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Published: Thursday 10 October, 2013

fashion online fashion online ?Copenhagen climate change conference



On December 7, 2009, 56 newspapers in 45 countries took the unprecedented step of speaking with one voice through a common editorial. This because humanity faces a profound emergency.



Unless we combine to take decisive action, climate change will ravage our planet, and with it our prosperity and security. The dangers have been becoming apparent for a generation. Now the facts have started to speak: 11 of the past 14 years have been the warmest on record, the Arctic icecap is melting and last years inflamed oil and food prices provide a foretaste of future havoc. In scientific journals the question is no longer whether humans are to blame, but how little time we have got left to limit the damage. Yet so far the worlds response has been feeble and halfhearted.



How the Copenhagen global leader came about Write your own editorial The papers that carried the Copenhagen editorial In pictures: How newspapers around the world ran the editorial



Climate change has been caused over centuries, has consequences that will endure for all time and our prospects of taming it will be determined in the next 14 days. We call on the representatives of the 192 countries gathered in Copenhagen not to hesitate, not to fall into dispute, not to blame each other but to seize opportunity from the greatest modern failure of politics. This should not be a fight between the rich world and the poor world, or between east and west. Climate change affects everyone, and must be solved by everyone.



The science is complex but the facts are clear. The world needs to take steps to limit temperature rises to 2C, an aim that will require global emissions to peak and begin falling within the next 510 years. A bigger rise of 34C the smallest increase we can prudently expect to follow inaction would parch continents, turning farmland into desert. Half of all species could become extinct, untold millions of people would be displaced, whole nations drowned by the sea. The controversy over emails by British researchers that suggest they tried to suppress inconvenient data has muddied the waters but failed to dent the mass of evidence on which these predictions are based.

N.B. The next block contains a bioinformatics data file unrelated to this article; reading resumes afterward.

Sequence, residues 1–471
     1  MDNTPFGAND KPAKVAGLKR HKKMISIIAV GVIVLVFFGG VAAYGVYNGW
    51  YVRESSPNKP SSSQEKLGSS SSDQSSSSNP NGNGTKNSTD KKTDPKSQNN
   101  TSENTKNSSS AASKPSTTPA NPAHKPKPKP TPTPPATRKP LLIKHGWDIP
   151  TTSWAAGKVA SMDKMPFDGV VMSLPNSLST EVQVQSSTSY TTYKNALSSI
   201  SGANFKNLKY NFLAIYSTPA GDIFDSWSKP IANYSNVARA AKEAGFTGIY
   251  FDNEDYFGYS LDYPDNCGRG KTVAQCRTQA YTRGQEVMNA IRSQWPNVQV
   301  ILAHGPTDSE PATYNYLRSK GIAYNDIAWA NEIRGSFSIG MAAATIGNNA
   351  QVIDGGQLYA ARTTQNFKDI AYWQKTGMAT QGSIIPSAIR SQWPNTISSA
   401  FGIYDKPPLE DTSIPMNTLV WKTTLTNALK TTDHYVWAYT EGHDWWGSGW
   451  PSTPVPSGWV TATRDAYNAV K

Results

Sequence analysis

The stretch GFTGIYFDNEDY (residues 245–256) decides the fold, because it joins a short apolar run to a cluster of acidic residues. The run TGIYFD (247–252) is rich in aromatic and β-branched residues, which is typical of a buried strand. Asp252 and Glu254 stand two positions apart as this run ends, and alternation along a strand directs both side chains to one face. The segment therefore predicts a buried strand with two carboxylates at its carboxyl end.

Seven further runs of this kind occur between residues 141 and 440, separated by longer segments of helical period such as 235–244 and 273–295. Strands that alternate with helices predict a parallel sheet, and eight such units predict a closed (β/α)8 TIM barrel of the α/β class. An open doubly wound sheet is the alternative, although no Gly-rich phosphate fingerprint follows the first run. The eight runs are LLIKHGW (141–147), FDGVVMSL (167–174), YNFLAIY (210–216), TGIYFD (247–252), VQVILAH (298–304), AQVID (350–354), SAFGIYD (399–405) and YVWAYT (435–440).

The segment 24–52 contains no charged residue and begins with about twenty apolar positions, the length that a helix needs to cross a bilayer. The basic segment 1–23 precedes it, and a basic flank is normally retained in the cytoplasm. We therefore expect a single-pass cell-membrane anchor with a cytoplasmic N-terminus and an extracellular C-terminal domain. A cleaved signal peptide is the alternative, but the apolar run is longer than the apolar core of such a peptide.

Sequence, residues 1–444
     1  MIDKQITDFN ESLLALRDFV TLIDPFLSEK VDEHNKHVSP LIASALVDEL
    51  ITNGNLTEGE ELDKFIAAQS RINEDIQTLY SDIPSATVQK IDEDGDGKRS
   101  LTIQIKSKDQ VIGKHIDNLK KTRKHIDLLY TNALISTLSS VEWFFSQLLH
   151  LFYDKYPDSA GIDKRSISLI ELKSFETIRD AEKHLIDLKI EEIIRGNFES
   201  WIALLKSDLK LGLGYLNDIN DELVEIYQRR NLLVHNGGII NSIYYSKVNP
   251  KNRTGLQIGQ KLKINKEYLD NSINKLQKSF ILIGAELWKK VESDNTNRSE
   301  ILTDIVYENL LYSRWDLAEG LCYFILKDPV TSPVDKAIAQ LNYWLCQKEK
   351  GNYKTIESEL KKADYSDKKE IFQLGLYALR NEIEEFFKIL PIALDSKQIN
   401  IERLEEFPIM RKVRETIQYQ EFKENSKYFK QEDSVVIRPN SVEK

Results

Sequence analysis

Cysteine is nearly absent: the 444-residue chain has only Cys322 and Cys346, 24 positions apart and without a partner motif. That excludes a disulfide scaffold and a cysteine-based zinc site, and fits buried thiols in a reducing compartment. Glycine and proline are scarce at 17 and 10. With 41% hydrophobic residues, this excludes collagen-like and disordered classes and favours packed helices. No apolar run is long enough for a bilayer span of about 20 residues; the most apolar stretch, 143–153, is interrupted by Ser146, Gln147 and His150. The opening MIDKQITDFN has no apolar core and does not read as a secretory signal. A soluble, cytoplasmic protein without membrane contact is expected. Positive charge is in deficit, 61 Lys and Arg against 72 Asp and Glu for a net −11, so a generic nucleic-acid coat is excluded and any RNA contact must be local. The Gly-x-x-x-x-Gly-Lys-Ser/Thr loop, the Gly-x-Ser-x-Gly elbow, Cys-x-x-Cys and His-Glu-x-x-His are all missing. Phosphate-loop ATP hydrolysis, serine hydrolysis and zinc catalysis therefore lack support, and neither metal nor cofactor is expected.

Few believe that Copenhagen can any longer produce a fully polished treaty; real progress towards one could only begin with the arrival of President Obama in the White House and the reversal of years of US obstructionism. Even now the world finds itself at the mercy of American domestic politics, for the president cannot fully commit to the action required until the US Congress has done so.



But the politicians in Copenhagen can and must agree the essential elements of a fair and effective deal and, crucially, a firm timetable for turning it into a treaty. Next Junes UN climat fashion online e meeting in Bonn should be their deadline. As one negotiator put it: We can go into extra time but we cant afford a replay.



At the deals heart must be a settlement between the rich world and the developing world covering how the burden of fighting climate change will be divided and how we will share a newly precious resource: the trillion or so tonne fashion online s of carbon that we can emit before the mercury rises to dangerous levels.